Friday, July 12, 2024

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Graham, NC 27253
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Non-discrimination laws protect rights of all races; Mebane has upheld that principle despite ongoing allegations from one person


Mebane city council members must surely being growing tired of hearing from Omega Wilson, a local self-appointed activist with the West End Revitalization Association.

Wilson came before the council recently and repeated, yet again, his well-worn canards against the city.

He’s been using essentially the same charges – indeed, largely the same speech – for more than 22 years.

And it is no more accurate now than it was 22 years ago.

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Wilson, who is black, continues to harangue the city council for not having provided water and sewer service to three or four predominantly black areas. He usually implies that these areas – Mrs. White Lane & White Level Road, Perry Hill, Buckhorn Road, and parts of West End – are within Mebane.

He often glosses over or conveniently omits altogether the pivotal fact that those areas are not in the city limits of Mebane.

Haven’t been, aren’t now, and aren’t likely to be – unless and until residents in those areas ask to be annexed within the city.

And it’s not that the city has discriminated against annexing those areas because they’re black.

Those black residents have not sought to be included in the city – ever.

And we understand why.

Just like white residents who live on the outskirts of the city, they don’t want to pay city taxes.

That’s the way municipal government works – for blacks, whites, and everyone else.

Residents within the city limits pay city taxes for city services.

Non-residents who live outside the city, don’t have to.

But no one gets such services, like water and sewer lines, for free.

Not in black neighborhoods outside Mebane.

Nor in white neighborhoods outside Mebane.

Nor for any race outside any municipality.

Neither Mebane nor any other Alamance County municipality that we know of runs water and sewer lines to non-residents – of any race or color – unless they are within that city’s municipal boundaries.

If they happen to run lines nearby, they’ll allow non-residents to tap on – for a fee, and those non-residents usually pay monthly bills at the rate of twice the in-city rate.

We don’t know why this simple municipal principle is so hard to comprehend or recognize.

We wish Wilson was at this month’s Mebane city council meeting last week where one of those residents on the fringe of the city asked for a voluntary annexation into the city.


Wilson should have seen another black Mebane-area resident who petitioned to have his property on Mrs. White’s Lane – one of the four areas Wilson always cites as continually discriminated against by the city – annexed into the city, as the resident requested.

Guy Land told the city council he wants to build a home on the property and wants to have access to city water and sewer.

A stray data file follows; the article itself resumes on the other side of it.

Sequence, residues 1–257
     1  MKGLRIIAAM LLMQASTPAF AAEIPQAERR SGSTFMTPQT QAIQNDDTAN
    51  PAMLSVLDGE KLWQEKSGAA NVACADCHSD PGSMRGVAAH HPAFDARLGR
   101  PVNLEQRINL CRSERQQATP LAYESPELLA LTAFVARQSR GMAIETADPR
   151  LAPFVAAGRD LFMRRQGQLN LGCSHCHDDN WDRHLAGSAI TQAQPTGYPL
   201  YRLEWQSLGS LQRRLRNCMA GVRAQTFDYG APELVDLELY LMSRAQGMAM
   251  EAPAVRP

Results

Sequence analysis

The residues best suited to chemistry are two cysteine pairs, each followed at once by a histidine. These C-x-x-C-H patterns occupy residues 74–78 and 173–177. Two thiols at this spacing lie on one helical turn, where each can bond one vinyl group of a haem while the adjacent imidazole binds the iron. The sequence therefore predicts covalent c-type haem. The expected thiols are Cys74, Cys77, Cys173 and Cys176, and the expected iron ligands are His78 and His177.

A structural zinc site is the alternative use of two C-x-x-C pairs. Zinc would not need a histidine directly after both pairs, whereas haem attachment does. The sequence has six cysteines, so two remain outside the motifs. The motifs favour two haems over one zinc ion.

Land made his request, the city conducted a public hearing on it (at which no one other than Land spoke), and the council unanimously voted to approve his request for annexation.

There was no discrimination in scheduling the hearing, holding it, or in coming to a conclusion (unanimously) to annex the property. (Land, like Wilson, is black.)

In Wilson’s last appearance before the city council, in September, it seems to us that Wilson sought to perpetuate a fight against various forms of “discrimination” that simply don’t exist – and never have, at least as he describes it – in Mebane.

Meanwhile, however, he has his own form of discrimination that he wanted to perpetuate.

Back in September, Wilson summarized that the West End community on the outskirts of the city “has been nearly 100-percent black-owned since 1865, when slavery ended.”

We’re not sure about his time frame, but the fact that West End is currently, and has historically been, predominantly black is true enough.

And in Wilson’s view, it should remain so.

Wilson told the city council that he was opposed to what he termed “white resident gentrification,” by which he apparently means allowing any white person to buy a home – or buy a lot and then build a home – in the predominantly black section of town.

One doesn’t have to wonder at the outrage that would ensue if any white resident in the city uttered the words that “their” neighborhood should remain predominantly white.

A white developer from Raleigh, Peter Gitto, is building several houses within Mebane, all on so-called “in-fill” lots in various parts of the city. He already has buyers for some of them – and doesn’t, he told us in an interview, know the race of the purchasers.

One of the most significant results of the Civil Rights era of the 1960’s and subsequently has been the incorporation of Equal Housing standards in home buying and home financing.

No one – of any race – may discriminate in buying, selling, or financing real estate.

Neither may municipalities, such as Mebane, show any preference for, or against, a project, a rezoning request, a building permit, or any other requested governmental action based on a homeowner’s, or would-be homeowner’s, race.

Which, sadly, is precisely what Wilson seemed to be advocating.

Fortunately, Mebane city council members largely ignored Wilson’s statements when he pontificated on his views during that September meeting.

Frankly, though, they should have called him out for his continuing misrepresentations about their treatment of black Mebane residents (and non-residents).

And they should have given him a basic tutorial on civil rights laws and one reason they were enacted: to prohibit preference for or discrimination against any race.

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